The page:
Ikea - strange, alien values ~ Sounds + Food 'n' Retail

Ikea - strange, alien values

Ikea alien.jpgAs has become my custom, during my brief life as a blogger, I like to review books, while reading them, not necessarily after I'm finished. The book, I'm currently reading, is aptly titled "Ikea - The Secret of Its Success," a Dutch translation of a German biography of the business and its founder, Ingvar Kamprad. I've until now read very little in terms of European business, and looked forward to getting a grasp on the European mentality if there is such a thing. To be honest, there are vast cultural differences between countries in Europe, though Ikea's continental growth does serve as an interesting lens to understand some of the issues at play.

My initial thought when meeting people and businesses is that where you are from and when you are from matters a great deal to where you are going. There are a great number of social values that come from living in a given location, at a given time. Similarly, Ikea has had a particular past, which I think define the company and explain its goals.

Where Ikea's from, Sweden, is a strange, alien place to me, even more so, 80 odd years ago, when Ingvar Kamprad, Ikea's founder was born, and 60 years ago, when he founded the company. Painfully, I notice that my own business-education has been coloured by "Western" values, or rather Anglo-saxon capitalist ones, which give (the illusion that) individuals (have) pretty much free reign to reach their dreams, and Ingvar's story is very different from that (though he did achieve his dream, I think).

Briefly, before I describe Ikea's history, what is different about the company, as opposed to other multinationals?

  • It is still a private company
  • It thinks like a community, which has major consequences on work-relations and innovation
  • Work-relations: historically, wages are kept low, workers are treated like family, there are no large power-differentials, and I don't think people get fired much.
  • Innovation: the way the business develops often comes out of collaborative thinking—how can we make life easier for our workers, how can we make life easier for our customers? Very organic, pragmatic, and frugal!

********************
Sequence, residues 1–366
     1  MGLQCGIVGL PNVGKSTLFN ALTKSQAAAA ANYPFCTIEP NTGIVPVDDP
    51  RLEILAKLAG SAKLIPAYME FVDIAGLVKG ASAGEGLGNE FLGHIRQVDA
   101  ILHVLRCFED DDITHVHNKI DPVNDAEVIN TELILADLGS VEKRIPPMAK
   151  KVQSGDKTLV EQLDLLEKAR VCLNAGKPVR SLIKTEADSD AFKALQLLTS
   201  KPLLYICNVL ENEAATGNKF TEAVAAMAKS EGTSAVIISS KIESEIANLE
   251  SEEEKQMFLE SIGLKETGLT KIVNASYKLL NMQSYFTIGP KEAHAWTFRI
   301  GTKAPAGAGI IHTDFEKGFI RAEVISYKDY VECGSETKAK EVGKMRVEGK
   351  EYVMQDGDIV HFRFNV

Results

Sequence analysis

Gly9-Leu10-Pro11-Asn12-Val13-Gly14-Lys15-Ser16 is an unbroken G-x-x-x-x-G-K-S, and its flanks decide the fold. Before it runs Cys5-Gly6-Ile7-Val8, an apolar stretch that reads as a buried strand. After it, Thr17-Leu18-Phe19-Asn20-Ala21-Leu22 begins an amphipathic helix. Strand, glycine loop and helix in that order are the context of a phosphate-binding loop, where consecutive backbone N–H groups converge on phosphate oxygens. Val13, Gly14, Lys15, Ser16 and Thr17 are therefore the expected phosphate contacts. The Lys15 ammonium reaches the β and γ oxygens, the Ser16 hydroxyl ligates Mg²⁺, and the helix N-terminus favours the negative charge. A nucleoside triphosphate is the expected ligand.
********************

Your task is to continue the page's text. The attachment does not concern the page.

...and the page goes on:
Ikea was started in Sweden, a country marked by deep socialist (or shallow communist) values that have affected the way businesses were run and even lead to (insane) tax-levels up to 85% (and even more in some cases). A kind of media-revolution was started by the author, Astrid Lindgren, who noticed that she was paying over 100% in taxes on her income and wrote a lengthy article about it, which was published in the Swedish newspaper, Expressen. This ultimately lead to the fall of Swedish socialist democratic party in 1976, who had been in power for 40 years, though later they would regain their throne.

Ingvar Kamprad, who had by that time already migrated to Denmark for related reasons, had himself had a particular past. He grew up on a farm in a small commune, where value was placed on hard work and family. Originally of Germany, emigrated to Sweden, his family felt some affinity with the Nazi-cause of freeing parts of Germany, separated after the first World War. Ingvar only abandoned these values in his late 20s, after having finished a business-degree and getting married.

By that time he already possessed a strong trader's spirit, importing small goods like pens at low cost, and selling them via mail to his customers at a small profit. He later expanded this to furniture, which organically evolved to what became Ikea. Much of his thinking was pragmatic and he wasn't afraid to listen to the advice of his co-workers, and ignore the advice of his competitors—the more established furniture-retailers. Business boomed, of course, and he soon built more warehouses (which acted as store-fronts) in other major cities in Sweden.

But the taxes were killing him. So much so, that he had to live in debt for several years, while being the owner of a very well-todo store. So, for this, and other reasons, he decided to migrate with his family to Denmark, while keeping Ikea in Sweden. Later he would move to Switserland and do something that probably goes against the grain of every capitalist out there. He gave the business away.

He did so for reasons of continuity. He did not want there to be confusion after he was gone, and he did not want his kids to feel pressured to take over the business. Instead he created a foundation (stichting), called INGKA, in the Netherlands, to make sure that Ikea belonged to Ikea, and not to the whimsical demands of its (future) leaders.

That's as far as I'll go today.

Every book has a different lesson in it. This one on Ikea is about its heritage, its values which are deeply ingrained into the Swedish perception of social community, and how these can be preserved as the business grows. I can't wait to learn more about Ikea and find out. I'm about 50% into the book, writing this, and I want to write about Ikea's expansion at a later date, as well as their internal workings. If you do read Dutch, I do recommend picking the book up here, and for German, check the German Amazon-store here.

For other book-reviews, check out my look at McDonalds "Grinding It Out" here and here, as well as at Starbucks' "Pour Your Heart Into It" here and here.


 

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